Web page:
Porto is a small and intimate coastal city, with so much to see and do. Porto is packed full of interest and character with a lively cafe and bar scene, perfect for lazy summer evenings. If you’re going on road trip of Portugal, find out how to spend one day in Porto.
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When to Visit Porto
Porto is a coastal city in the north of Portugal and enjoyes hot summers, pleasantly warm spring and autumn months and mild, wet winters.
The best time to visit Porto is late spring or early autumn. There will be fewer visitors but the weather will still be lovely with warm sunshine and little rain.
Where to Stay in Porto
Our number one hotel in Porto, the Flores Village Hotel and Spa is located right in the middle of where you want to be; just a ten minutes walk to the river and five minutes to Porto’s historic city centre, a UNESCO World Heritage site. The hotel is simple and stylish in design whilst retaining some of the character features of the buildings former life. You’ll find a spa here with a sauna, steam room, pool and gym and a roof-top garden with great views of the city. Book the popular Flores Village Hotel and Spa now.
Things to Do in Porto
Portugal is an easily walkable city with most of the major attractions being within each reach; be prepared to walk up some hills though and perhaps get a taxi out to the Serralves museum and Arrábida bridge. Follow this one day Porto itinerary to see all the main sights and find out what to do in Porto.
If you want to take a day trip or have your Porto one day itinerary organised for you by a tour guide, then check out these activities.
Cross the Pont Luis I Bridge & Take the Cable Car
This iconic bridge and top tourist attraction in Porto is a manically busy pedestrian thoroughfare across both levels with vehicles also using the lower level. The bridge takes you from the Porto side of the Douro River into Vila Nova de Gaia where you will find Port lodges, live music with bars and restaurants cheek by jowl along the river front. This is one of the best places to visit in Porto, it’s lively, vibrant and full on!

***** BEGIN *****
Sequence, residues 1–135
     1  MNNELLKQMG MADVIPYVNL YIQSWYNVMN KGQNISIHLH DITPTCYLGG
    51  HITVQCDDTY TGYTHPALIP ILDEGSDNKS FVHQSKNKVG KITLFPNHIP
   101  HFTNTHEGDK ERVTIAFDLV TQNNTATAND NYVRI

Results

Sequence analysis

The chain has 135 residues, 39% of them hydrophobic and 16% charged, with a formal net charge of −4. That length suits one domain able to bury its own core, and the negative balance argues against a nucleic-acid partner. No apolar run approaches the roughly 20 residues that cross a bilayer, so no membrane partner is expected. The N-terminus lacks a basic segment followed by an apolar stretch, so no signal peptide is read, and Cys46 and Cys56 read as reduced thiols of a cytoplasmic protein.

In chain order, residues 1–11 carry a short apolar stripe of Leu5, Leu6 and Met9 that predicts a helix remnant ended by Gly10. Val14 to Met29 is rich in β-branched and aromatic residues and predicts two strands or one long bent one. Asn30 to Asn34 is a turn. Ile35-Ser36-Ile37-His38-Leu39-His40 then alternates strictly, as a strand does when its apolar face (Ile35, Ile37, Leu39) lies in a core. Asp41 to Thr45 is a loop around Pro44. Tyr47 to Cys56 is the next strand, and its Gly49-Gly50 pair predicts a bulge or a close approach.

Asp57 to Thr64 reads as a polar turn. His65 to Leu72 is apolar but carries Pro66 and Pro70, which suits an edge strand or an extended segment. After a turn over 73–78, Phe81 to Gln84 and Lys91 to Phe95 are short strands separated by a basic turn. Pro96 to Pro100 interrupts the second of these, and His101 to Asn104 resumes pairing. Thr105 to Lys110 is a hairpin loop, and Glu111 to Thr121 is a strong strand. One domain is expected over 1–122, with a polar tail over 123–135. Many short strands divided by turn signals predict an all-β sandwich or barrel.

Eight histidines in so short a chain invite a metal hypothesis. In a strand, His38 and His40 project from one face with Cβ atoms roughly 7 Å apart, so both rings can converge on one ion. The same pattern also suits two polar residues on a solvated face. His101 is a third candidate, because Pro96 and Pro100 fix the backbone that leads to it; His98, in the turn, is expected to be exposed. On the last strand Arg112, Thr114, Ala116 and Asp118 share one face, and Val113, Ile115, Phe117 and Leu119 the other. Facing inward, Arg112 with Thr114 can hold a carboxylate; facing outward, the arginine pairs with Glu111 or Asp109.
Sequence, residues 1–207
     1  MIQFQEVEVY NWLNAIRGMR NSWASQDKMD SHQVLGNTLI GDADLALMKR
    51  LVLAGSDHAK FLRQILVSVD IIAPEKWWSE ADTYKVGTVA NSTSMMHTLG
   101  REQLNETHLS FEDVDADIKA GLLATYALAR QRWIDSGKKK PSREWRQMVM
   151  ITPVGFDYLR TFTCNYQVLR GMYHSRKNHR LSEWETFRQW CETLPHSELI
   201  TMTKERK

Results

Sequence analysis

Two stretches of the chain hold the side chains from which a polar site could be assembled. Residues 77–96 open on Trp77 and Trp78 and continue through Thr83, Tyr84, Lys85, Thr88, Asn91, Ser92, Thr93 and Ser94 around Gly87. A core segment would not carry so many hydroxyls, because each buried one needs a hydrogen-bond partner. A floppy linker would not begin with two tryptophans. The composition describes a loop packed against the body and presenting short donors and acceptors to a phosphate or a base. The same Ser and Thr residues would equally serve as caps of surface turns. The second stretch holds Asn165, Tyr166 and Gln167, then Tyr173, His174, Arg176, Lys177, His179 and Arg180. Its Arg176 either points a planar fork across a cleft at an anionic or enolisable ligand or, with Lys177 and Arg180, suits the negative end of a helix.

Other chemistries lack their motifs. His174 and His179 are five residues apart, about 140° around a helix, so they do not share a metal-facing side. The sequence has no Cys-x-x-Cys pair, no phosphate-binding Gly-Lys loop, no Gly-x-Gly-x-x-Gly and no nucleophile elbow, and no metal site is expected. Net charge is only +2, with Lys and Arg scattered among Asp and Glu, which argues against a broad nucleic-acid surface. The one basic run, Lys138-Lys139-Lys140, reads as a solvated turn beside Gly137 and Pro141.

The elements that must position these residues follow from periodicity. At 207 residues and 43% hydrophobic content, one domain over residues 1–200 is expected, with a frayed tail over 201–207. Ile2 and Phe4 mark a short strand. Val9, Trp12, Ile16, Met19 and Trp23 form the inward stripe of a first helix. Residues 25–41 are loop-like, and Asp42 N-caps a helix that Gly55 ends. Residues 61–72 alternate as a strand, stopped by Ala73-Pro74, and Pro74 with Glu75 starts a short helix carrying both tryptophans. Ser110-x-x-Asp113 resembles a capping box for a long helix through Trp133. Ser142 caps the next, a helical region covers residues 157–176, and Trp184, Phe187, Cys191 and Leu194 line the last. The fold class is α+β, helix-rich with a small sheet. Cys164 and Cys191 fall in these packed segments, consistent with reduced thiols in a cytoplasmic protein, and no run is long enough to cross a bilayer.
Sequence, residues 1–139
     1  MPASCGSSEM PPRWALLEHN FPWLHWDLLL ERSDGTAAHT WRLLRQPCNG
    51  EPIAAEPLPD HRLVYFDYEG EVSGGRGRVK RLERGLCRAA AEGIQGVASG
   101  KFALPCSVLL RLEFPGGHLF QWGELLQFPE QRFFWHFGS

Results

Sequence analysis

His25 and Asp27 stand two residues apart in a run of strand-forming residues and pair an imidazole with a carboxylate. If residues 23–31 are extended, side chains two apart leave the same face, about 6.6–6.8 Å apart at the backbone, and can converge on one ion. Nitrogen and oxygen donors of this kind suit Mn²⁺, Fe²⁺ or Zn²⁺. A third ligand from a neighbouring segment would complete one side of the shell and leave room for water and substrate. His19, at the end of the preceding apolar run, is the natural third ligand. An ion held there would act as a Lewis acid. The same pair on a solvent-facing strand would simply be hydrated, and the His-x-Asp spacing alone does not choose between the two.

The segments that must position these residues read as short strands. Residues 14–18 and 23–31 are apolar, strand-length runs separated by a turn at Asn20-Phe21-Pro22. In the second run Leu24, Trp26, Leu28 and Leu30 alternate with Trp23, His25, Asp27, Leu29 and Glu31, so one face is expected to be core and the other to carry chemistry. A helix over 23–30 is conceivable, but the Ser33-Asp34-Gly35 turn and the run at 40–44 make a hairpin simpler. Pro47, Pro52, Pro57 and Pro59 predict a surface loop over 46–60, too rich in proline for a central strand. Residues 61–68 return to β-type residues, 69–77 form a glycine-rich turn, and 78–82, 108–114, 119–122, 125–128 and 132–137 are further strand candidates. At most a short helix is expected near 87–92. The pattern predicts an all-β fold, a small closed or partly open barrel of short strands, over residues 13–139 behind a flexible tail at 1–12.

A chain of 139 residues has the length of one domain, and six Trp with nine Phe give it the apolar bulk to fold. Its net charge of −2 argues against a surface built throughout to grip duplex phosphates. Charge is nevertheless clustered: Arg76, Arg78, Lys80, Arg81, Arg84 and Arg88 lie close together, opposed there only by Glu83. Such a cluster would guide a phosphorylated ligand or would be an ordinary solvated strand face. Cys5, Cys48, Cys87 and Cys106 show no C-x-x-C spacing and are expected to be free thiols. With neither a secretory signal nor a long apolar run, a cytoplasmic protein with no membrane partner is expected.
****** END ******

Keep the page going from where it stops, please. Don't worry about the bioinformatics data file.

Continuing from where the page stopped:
Head here to listen to Fado being played live on the streets; Fado is the incredible expressive but profoundly melancholic music and singing which originated in Lisbon and can only be heard in Portugal.
The bridge is a fantastic structure, a double-decked metal arch bridge spanning 172m; when constructed in 1880 it was the longest of its type in the world. If you’ve been wandering the Ribeira, head up the steps (or take the lift) to cross the top section of the bridge then take the cable car down to the Port lodges on the other side…..or cross at the bottom of the bridge and do the reverse coming back! Either way, it’s a great experience and the bridge is a real hub of activity.
Take a Port Wine Tour
One of the top things to do in Porto is taking a tour or a Port wine lodge, preferably with a tasting included!
These lodges were storage and despatch warehouses for port wine, produced in the gorgeous Douro valley to the east of Porto. There are many of names you will recognise such as Taylors and Sandemanns, all of whom have bars along the river front as you come down from the bridge.
The lodges are fascinating buildings in themselves and smell wonderful. Many of them have not been renovated since being built in the 17th century; it was a privilege to admire their architecture and unique style, whilst dodging the holes in the roof!
There are lots of tours to choose from and our choice of tours will all take you to a number of different houses with tastings offered, alongside guidance from local port experts.
Visit the Serralves Museum of Contemporary Art
Ok, time to be honest. You must visit this museum, not for the art, but for the buildings and gardens.